Untitled Goose Game is coming to the Epic Games Store in September

Audio player loading…

Untitled Goose Game is a game about a goose who is a jerk—so, a normal goose—who enjoys causing chaos in a lovely quaint village. The goose, who is you, roams the streets and yards, stealing stuff, breaking things, sneaking up on people and honking at them, and being an overall pain in the ass in whatever other creative ways you can come up with. It was announced in late 2017 by indie studio House House, the creator of Push Me Pull You, and after an unfortunate delay in February, the developers announced today that it will be out on September 20.

It may not seem so at first glance—geese are noisy—but stealth is a big part of the gameplay. It doesn't really matter if you get caught in the midst of your shenanignans, though, because you're a goose: You just rear up and flap your wings and run around and honk until everyone decides you're not worth bothering with. They go back to their business, and you go back to yours—which is ruining theirs. The circle of life, etc.

James took an older build of Untitled Goose Game for a run and even though he wasn't a particularly adroit waterfowl, he managed to ruin a gardener's day by wrecking his carrots and then tossing his keys into a nearby pond. Why? "I'm a goose so whatever," he explained. "By simply inhabiting the body of a goose with such natural controls, being an asshole comes naturally."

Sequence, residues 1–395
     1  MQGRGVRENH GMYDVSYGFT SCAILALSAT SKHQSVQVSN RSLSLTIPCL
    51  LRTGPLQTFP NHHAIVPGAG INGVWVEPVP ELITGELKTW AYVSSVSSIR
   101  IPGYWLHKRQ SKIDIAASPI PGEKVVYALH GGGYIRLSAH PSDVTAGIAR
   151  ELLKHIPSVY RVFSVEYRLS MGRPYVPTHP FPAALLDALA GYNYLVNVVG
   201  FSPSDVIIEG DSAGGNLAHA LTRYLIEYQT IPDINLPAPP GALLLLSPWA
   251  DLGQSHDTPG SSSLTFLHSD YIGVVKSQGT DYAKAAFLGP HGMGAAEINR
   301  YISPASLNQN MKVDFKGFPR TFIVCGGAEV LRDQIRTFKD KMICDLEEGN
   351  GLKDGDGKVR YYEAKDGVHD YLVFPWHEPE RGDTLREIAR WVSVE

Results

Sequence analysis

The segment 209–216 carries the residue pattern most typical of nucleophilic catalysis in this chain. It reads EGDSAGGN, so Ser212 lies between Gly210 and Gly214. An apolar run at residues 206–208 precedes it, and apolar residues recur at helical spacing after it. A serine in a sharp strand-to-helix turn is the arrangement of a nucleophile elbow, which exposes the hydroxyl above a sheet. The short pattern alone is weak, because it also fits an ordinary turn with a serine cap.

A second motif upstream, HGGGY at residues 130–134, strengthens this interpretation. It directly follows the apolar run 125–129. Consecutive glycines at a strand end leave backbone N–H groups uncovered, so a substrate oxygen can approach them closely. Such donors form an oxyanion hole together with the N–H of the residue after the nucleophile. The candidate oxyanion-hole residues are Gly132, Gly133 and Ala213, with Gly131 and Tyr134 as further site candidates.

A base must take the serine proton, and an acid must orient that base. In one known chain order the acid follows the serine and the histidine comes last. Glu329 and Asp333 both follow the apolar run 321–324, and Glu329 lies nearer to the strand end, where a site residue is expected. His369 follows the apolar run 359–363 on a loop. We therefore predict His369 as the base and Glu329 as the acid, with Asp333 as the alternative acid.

Untitled Goose Game will normally go for $20 on the Epic Games Store, but will be available at launch for $15 for a limited, as-yet-unspecified time.

Andy has been gaming on PCs from the very beginning, starting as a youngster with text adventures and primitive action games on a cassette-based TRS80. From there he graduated to the glory days of Sierra Online adventures and Microprose sims, ran a local BBS, learned how to build PCs, and developed a longstanding love of RPGs, immersive sims, and shooters. He began writing videogame news in 2007 for The Escapist and somehow managed to avoid getting fired until 2014, when he joined the storied ranks of PC Gamer. He covers all aspects of the industry, from new game announcements and patch notes to legal disputes, Twitch beefs, esports, and Henry Cavill. Lots of Henry Cavill.